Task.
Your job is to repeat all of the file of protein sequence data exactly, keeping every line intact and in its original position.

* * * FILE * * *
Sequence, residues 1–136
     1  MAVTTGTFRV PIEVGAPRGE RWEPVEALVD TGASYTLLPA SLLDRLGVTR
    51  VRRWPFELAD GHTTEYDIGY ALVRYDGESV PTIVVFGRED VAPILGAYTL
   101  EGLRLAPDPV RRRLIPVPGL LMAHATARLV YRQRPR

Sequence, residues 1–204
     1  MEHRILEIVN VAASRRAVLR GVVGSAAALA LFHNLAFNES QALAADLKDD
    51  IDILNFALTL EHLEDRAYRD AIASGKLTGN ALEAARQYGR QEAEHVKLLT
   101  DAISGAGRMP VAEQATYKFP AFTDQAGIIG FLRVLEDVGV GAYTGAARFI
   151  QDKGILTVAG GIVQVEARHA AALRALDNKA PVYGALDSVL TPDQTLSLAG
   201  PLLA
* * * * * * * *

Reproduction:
Sequence, residues 1–136
     1  MAVTTGTFRV PIEVGAPRGE RWEPVEALVD TGASYTLLPA SLLDRLGVTR
    51  VRRWPFELAD GHTTEYDIGY ALVRYDGESV PTIVVFGRED VAPILGAYTL
   101  EGLRLAPDPV RRRLIPVPGL LMAHATARLV YRQRPR

Sequence, residues 1–204
     1  MEHRILEIVN VAASRRAVLR GVVGSAAALA LFHNLAFNES QALAADLKDD
    51  IDILNFALTL EHLEDRAYRD AIASGKLTGN ALEAARQYGR QEAEHVKLLT
   101  DAISGAGRMP VAEQATYKFP AFTDQAGIIG FLRVLEDVGV GAYTGAARFI
   151  QDKGILTVAG GIVQVEARHA AALRALDNKA PVYGALDSVL TPDQTLSLAG
   201  PLLA